This module was developed by COMET - UCAR, Publish Date: 2010
- Languages: English, Spanish
- Skill Level: Upper High School and Undergraduate
- Completion Time: 1.00 - 1.25 hours
- Includes Audio: yes
- Required Plugins: Flash
- Topics: Climate, Marine Meteorology/Oceans, Other
- Requires sign in
Scientists predict that the climate in most parts of the world will warm dramatically in the next century, with change expected to occur earliest and be most pronounced in polar regions. In light of this, there is an urgent need to understand different aspects of the Earth's climate system, including the role that Arctic ecosystems play in regulating the Earth's climate and how food webs are affected by the changing climate. This module explores the Arctic Ocean ecosystem through interaction with a model that simulates how phytoplankton and zooplankton interact and respond to changes in season, sea ice, and nutrients.
After completing the module, the learner should be able to do the following: Describe the importance of Arctic ecosystems on the global carbon cycle and its implications for global climate Successfully interpret output from an ecosystem model displayed in a time-depth cross section Describe the relationship between the availability of light and nutrients and the abundance of phytoplankton and zooplankton List the parameters that affect the growth and abundance of phytoplankton and zooplankton and describe the affect of varying those parameters Successfully utilize an arctic ecosystem model to simulate changes in the Arctic ecosystem described in the scientific literature
CONTEXT FOR USE
Scientists predict that the climate in most parts of the world will warm dramatically in the next century, with change expected to occur earliest and be most pronounced in polar regions. In light of this, there is an urgent need to understand different aspects of the Earth's climate system, including the role that Arctic ecosystems play in regulating the Earth's climate and how food webs are affected by the changing climate.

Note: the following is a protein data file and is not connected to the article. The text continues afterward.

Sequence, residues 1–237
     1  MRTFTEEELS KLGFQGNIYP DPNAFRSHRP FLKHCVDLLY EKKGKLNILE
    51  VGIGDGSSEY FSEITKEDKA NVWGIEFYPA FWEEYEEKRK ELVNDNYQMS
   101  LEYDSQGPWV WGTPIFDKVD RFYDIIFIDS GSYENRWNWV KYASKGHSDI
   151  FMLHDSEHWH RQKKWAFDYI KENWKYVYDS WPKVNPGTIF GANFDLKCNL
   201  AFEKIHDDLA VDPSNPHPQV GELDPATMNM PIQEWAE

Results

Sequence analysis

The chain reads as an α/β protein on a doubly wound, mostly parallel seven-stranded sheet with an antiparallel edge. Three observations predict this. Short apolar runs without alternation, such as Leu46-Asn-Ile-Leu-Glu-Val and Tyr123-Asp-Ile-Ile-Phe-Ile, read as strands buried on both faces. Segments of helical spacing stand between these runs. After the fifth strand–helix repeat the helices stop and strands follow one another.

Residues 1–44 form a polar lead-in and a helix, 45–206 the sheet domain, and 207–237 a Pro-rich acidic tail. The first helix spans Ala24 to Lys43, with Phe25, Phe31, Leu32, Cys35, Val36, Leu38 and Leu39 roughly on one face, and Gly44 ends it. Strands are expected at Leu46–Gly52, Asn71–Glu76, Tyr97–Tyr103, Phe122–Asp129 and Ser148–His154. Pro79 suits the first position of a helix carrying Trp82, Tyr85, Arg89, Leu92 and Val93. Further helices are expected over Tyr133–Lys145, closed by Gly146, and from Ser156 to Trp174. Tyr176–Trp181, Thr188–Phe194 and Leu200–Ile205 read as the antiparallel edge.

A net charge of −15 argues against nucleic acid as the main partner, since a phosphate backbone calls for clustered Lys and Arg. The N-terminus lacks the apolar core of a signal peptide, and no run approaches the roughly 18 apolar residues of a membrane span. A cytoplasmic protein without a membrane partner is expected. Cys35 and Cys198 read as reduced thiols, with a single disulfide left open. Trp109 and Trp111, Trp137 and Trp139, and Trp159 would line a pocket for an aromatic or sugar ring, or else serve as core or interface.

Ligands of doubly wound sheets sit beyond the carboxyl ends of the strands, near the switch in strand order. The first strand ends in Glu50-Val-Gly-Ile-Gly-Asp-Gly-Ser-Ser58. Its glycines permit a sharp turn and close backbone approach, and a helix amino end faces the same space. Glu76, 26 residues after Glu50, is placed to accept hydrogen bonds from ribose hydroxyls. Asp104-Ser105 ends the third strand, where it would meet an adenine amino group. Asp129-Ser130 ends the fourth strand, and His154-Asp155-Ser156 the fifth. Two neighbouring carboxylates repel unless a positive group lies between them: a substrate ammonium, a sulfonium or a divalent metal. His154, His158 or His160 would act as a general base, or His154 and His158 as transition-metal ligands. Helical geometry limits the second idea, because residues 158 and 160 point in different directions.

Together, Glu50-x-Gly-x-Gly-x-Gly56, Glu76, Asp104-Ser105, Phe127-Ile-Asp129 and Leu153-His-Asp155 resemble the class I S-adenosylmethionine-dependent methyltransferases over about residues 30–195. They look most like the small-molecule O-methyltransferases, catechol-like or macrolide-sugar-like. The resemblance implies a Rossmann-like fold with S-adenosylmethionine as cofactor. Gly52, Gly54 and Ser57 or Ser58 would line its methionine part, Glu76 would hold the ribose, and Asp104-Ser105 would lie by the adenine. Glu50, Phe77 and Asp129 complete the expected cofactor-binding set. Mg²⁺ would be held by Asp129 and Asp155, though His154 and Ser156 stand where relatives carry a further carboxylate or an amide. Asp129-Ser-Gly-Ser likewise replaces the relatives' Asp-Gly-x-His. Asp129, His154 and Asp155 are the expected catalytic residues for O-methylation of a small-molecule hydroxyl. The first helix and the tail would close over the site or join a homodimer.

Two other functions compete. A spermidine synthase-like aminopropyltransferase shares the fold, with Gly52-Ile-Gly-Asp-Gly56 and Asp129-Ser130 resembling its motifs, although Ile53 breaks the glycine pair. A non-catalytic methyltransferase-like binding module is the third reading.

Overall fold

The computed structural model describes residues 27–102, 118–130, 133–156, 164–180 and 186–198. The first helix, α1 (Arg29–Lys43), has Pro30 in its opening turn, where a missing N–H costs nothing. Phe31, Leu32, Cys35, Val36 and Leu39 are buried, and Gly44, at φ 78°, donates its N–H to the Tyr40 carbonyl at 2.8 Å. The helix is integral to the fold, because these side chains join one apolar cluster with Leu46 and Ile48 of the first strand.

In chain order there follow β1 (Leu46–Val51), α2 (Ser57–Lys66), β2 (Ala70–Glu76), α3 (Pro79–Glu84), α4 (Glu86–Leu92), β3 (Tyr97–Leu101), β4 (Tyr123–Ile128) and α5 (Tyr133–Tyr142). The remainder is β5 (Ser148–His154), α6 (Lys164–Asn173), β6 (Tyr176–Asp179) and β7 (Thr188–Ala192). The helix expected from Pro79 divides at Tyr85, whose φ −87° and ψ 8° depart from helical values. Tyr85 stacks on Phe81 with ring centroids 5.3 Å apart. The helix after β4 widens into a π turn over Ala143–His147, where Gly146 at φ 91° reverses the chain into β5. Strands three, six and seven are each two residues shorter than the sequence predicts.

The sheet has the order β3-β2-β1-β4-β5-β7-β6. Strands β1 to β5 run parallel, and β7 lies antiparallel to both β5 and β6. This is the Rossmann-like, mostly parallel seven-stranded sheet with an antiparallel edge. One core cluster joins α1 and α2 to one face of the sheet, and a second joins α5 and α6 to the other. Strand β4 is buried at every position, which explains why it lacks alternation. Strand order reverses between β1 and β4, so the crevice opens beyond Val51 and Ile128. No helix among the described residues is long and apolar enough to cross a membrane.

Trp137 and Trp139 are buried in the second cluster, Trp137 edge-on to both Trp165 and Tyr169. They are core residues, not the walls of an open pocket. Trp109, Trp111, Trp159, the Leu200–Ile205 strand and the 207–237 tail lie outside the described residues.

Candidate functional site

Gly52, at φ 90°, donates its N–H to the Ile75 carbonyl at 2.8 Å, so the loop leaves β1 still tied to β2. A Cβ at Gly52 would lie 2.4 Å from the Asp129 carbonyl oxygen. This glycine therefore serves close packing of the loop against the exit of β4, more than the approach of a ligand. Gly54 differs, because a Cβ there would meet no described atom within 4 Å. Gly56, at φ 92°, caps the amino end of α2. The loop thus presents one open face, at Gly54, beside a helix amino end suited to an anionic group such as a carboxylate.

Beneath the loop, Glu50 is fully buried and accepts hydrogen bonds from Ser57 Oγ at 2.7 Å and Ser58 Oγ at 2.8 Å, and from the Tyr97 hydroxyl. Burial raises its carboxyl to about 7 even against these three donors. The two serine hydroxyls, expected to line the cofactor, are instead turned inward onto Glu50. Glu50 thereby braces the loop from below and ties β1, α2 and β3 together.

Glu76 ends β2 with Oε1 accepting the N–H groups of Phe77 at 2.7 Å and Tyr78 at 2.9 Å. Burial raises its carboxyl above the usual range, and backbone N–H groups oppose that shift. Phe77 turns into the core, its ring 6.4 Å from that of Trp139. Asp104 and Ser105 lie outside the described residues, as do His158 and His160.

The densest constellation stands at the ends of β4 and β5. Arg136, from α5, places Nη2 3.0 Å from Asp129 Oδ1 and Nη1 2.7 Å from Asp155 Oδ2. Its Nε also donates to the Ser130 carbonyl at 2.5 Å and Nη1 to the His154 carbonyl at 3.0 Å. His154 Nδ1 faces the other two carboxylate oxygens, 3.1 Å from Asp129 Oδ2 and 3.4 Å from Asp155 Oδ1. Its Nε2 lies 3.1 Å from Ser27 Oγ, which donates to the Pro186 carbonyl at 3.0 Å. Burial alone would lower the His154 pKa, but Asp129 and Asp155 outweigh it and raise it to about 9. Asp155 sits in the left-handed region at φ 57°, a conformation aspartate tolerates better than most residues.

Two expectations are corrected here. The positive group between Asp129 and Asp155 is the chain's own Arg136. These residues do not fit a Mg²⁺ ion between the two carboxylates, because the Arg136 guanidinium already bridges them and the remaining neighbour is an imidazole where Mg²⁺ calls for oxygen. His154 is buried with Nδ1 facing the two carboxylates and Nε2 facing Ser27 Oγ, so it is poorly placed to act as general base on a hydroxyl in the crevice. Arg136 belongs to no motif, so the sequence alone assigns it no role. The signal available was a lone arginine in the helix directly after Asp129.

ACTIVITY DESCRIPTION AND TEACHING MATERIALS
Arctic Ecosystems Quiz Included
Note: At the request of COMET sponsors, this quiz is designed to demonstrate your successful completion of the module. Because the quiz is being administered online, upon completion you will be given only feedback on which questions you answered correctly and incorrectly. No additional instructional feedback is provided. However, should you need to, you can use this information to revisit the module to determine how to answer correctly and then attempt the quiz again.
REFERENCES AND RESOURCES
COMET: Greenhouse Effect: http://www.meted.ucar.edu/broadcastmet/brazil/print.htm#page_1.4.0
from the COMET module The Amazon Rainforset and Climate Change.
Hunt, G.L. Jr., Stabenob, P., Waltersc, G., Sinclaird, E., Brodeure, R.D., Nappc, J.M., Bondf, N.A., 2002: Climate change and control of the southeastern Bering Sea pelagic ecosystem. Deep-Sea Research II, 49, 5821-5853. http://www.ingentaconnect.com/content/els/09670645/2002/00000049/00000026/art00321
Li, W.K.W., McLaughlin, F.A., Lovejoy, C., and Carmack, E.C., 2009: Smallest Algae Thrive As the Arctic Ocean Freshens. Science, 326, 539. http://www.sciencemag.org/cgi/content/full/326/5952/539
NSIDC: Sea Ice Albedo: http://nsidc.org/seaice/processes/albedo.html
UCSD Earth Guide: Photosynthesis: http://earthguide.ucsd.edu/events/TeacherTECH_2005/equation_photosynthesis.gif
Weir, J. (1999), Changing currents color the Bering Sea a new shade of blue. http://earthobservatory.nasa.gov/Features/Coccoliths/
Woods Hole Oceanographic Institution: Dive and Discover: The Arctic Ecosystem: http://www.divediscover.whoi.edu/arctic-ecosystem/index.html
The source of this material is the COMET® Website at http://meted.ucar.edu/ of the University Corporation for Atmospheric Research (UCAR), sponsored in part through cooperative agreement(s) with the National Oceanic and Atmospheric Administration (NOAA), U.S. Department of Commerce (DOC). ©1997-2011 University Corporation for Atmospheric Research. All Rights Reserved.